13...d4 14 Rd3 Bf5 15 Ne4 Qd5 16 f3 O-O 17 c4 Qe6 18 Kh1 Rad8 19 Qf2 Bxe4 20 fxe4 Qxe4 21 Rf3 d3 22 Re3 Bc5 23 Rxe4 Bxf2 24 b4 Rfe8 25 Rxe8+ Rxe8 26 g3 Bd4 27 Kg2
27...Re1 28 b5 c5 29 bxa6 bxa6 30 Kf3 Kf7 31 Kf4 Kg6 32 g4 Be5+ 33 Kf3 Kg5 34 h3 g6 35 Kf2 Re2+ 36 Kf1 Kf4 37 Rxa6 Kf3 38 Ra3 Ke4 39 b3 Bd4 40 Ra2 (‘RR7’) Kf3 41 Bb2 Bf2 42 Ra1 Rxd2 43 Bxf6 Be3 44 Be5 Rg2 45 White resigns.
A report on the display was published on page 5 of the Boston Post, 6 December 1903:
Page 8 of the Daly booklet also gave a second win against Mieses, played two days later.
From page 3 of the Boston Post, 5 December 1903:
John Finan Barry – Jacques Mieses
1 e4 c5 2 Nc3 e6 3 Nf3 Nc6 4 d4 cxd4 5 Nxd4 Nf6 6 a3 d5 7
Bb5 Bd7 8 exd5 exd5 9 O-O Be7 10 Nf3 Be6 11 Nd4 Bd7 12 Bf4
O-O 13 Be2 Rc8 14 Nb3 Be6 15 Bf3 d4 16 Ne2 Bxb3 17 cxb3
Nd5 18 Bg3 Bf6 19 Qd3 Nc7 20 Rfd1 Ne6 21 Rac1 Qe7 22 b4
Rfe8 23 Bg4 Ne5 24 Bxe5 Rxc1 25 Rxc1 Bxe5 26 g3 g6 27 f4
Bg7 28 Bf3 b6 29 Kg2 a5 30 bxa5 Nc5 31 Qb5 Qe3 32 axb6
32...d3 33 Rxc5 dxe2 34 b7 e1(Q)
35 Rc8 Q3g1+ 36 Kh3 Qgf1+ 37 Qxf1 Qxf1+ 38 Bg2 Qb5 39 Bc6 Qh5+ 40 Kg2 Qe2+ 41 Kh3 Qe6+ 42 f5 Qxf5+ 43 g4 Qxc8 44 White resigns.
John Finan Barry
The draw between Barry and Mieses at Cambridge Springs, 1904 also began 1 e4 c5 2 Nc3 e6 (American Chess Bulletin, June 1904, page 10).
At our request, Aðalsteinn Thorarensen (Reykjavik) has kindly provided an English translation of a paragraph about My 61 Memorable Games on pages 168-169 of the new book mentioned in C.N. 9568, Yfir farinn veg með Bobby Fischer by Garðar Sverrisson (Reykjavik, 2015):
Michael Henkhaus (Godfrey, IL, USA) asks for citations for the phrase primus inter pares (first among equals) with which Botvinnik is said to have described himself.
Below is an excerpt from William Hartston’s obituary of Botvinnik on page 12 of the Independent, 8 May 1995:
From page 238 of the August 1954 Chess Review:
The final paragraph of Kmoch’s report (page 239):
Tartakower is often attributed the remark that it is better to sacrifice the opponent’s pieces, but on what basis?
On page 1 of the New York Times, 16 February 1927 Capablanca wrote about Vidmar:
The full article is on pages 154-156 of our monograph on Capablanca. As shown on page 249, the Cuban made similar points in a lecture in Cuba on 25 May 1932:
The claim on the cover that Lakdawala ‘is a highly prolific and respected author’ is half right. On page 5 a minuscule ‘bibliography’ omits virtually all the important books on Fischer, but includes a potboiler by Eric Schiller, and lists My 60 Memorable Games with the information ‘Batsford, 1969’. In his annotations, as ever, Lakdawala writes 50 words where a respected author would write five or, more probably, none.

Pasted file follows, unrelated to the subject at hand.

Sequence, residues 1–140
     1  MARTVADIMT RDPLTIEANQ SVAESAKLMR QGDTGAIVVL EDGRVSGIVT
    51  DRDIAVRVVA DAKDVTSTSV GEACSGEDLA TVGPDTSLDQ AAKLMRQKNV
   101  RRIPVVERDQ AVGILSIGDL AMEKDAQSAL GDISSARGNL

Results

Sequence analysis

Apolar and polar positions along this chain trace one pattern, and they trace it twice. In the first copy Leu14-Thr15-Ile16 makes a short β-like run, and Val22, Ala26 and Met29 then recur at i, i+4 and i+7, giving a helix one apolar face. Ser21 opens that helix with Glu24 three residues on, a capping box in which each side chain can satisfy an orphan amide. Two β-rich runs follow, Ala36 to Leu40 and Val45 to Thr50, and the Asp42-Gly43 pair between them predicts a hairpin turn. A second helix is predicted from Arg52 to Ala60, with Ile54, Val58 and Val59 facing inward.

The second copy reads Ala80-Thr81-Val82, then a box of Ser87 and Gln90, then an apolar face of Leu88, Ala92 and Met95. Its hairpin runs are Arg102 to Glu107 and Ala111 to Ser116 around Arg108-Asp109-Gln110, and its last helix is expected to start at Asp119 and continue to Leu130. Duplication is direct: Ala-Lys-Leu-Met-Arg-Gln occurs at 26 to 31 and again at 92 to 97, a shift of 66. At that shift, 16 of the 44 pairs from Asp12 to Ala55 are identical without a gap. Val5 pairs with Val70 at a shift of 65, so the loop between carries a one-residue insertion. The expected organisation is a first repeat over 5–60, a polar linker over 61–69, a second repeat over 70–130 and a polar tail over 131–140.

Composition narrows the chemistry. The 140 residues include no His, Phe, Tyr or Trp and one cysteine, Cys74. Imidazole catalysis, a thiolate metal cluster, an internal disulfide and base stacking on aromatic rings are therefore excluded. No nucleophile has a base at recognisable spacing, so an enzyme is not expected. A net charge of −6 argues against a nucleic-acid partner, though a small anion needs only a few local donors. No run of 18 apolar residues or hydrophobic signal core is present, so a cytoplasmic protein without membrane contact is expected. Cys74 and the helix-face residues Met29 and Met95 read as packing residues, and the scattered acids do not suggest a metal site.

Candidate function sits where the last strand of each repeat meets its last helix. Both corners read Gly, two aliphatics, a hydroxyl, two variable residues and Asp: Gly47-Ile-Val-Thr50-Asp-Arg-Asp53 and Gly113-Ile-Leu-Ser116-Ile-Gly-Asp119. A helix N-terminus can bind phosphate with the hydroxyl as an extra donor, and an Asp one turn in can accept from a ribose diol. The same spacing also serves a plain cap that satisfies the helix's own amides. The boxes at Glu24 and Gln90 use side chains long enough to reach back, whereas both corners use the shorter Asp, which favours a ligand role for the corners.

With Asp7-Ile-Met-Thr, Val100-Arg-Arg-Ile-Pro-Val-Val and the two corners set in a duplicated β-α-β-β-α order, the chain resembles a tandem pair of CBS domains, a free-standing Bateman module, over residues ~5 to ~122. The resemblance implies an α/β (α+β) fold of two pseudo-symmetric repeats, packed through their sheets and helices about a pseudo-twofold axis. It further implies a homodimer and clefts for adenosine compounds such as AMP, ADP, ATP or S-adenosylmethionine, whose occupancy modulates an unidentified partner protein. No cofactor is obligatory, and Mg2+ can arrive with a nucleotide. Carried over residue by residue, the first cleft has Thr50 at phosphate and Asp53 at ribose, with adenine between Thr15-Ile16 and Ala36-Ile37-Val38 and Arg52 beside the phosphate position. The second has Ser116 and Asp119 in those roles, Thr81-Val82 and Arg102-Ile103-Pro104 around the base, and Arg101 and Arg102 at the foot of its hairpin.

Black has just played 21...a3.
The remark comes from page 14 of Modern Master-Play by F.D. Yates and W. Winter (London, 1929):
The game between Nimzowitsch and Réti occurred in the ninth round of a tournament in Berlin on 15 February 1928: 1 e4 c6 2 d4 d5 3 Nc3 dxe4 4 Nxe4 Nf6 5 Nxf6+ exf6 6 Bc4 Bd6 7 Qe2+ Be7 8 Nf3 O-O 9 O-O Bd6 10 Re1 b5 11 Bd3 Na6 12 a4 Nb4 13 axb5 Nxd3 14 Qxd3 cxb5 15 Qxb5 Qc7 16 Qd3 Bb7 17 d5 Rfc8 18 c3 a5 19 Be3 a4 20 Red1 Ra5 21 Qe4 a3 22 bxa3 Rxa3 23 Rxa3 Bxa3 24 c4 Qa5 25 Nd2 Bb4 26 h3 Qa2 27 Qb1 Qa4 28 Kh2 h6 29 Rc1 Ba6 30 c5 Bxc5 31 Rxc5 Rxc5 32 Bxc5 Qf4+ 33 Kg1 Qxd2 Drawn.
Modern Master-Play repeated analysis from Hans Kmoch’s annotations on pages 66-69 of the February 1928 Wiener Schachzeitung:
Whether or not, in the diagrammed position, nearly all players would select 22 b4 is an open question. In any case, computer analysis indicates, in Kmoch’s first variation, that after 25...a1(Q) ...
... White wins with 26 Qxb7.
The TopFoto website has a large collection of chess photographs. Interesting older pictures can be viewed by deselecting ‘RBG’ in ‘Image Attributes’.
There are worse ways of gauging magazines than by scrutinizing their photograph captions. Has care been taken? Are there babyish puns? Is worthwhile information conveyed, or are readers told what they can see for themselves?
As noted in How to Write about Chess, one caption trundled out occurs when people are shown laughing or smiling together: the reader is notified that they are ‘sharing a joke’ (or, for variety, ‘enjoying a joke’). Examples: ‘Producer Jimmy Komack (far left) and Erik Estrada share a joke’ (Chess Life, September 1988, page 32). ‘Short and Karpov enjoying a joke at Amsterdam 1991’ (CHESS, June 1992, page 11).
If caption-writers wish to entertain, and not just inform, a modicum of imagination is required.
Source: Great Moments in Chess by Fred Reinfeld (New York, 1963), page 102.
From page 38 of part one of Milan Vidmar’s Carlsbad, 1911 tournament book:
Quoting this (‘Warum nicht Sc6†?’) at the end of C.N. 9420, we intentionally simplified the check sign because although in HTML the character can be represented by the combination †̈ (i.e. two symbols), in most browsers the result is unsatisfactory.
The dotted dagger was widely used in old chess literature, as shown by page 22 of The Principles of Chess in Theory and Practice by James Mason (London, 1894):
From an article by Fred Reinfeld about Alexander Kevitz on pages 25-26 of the April 1946 Chess Review:
The same year, Reinfeld brought out a new edition of The Principles of Chess in Theory and Practice, published by David McKay Company, Philadelphia (and reprinted by Dover Publications, Inc., New York in 1960). The entire games section was replaced by 50 games annotated by Reinfeld.
The frontispiece of the original (1894) edition of The Principles of Chess in Theory and Practice:
Copyright: Edward Winter. All rights reserved.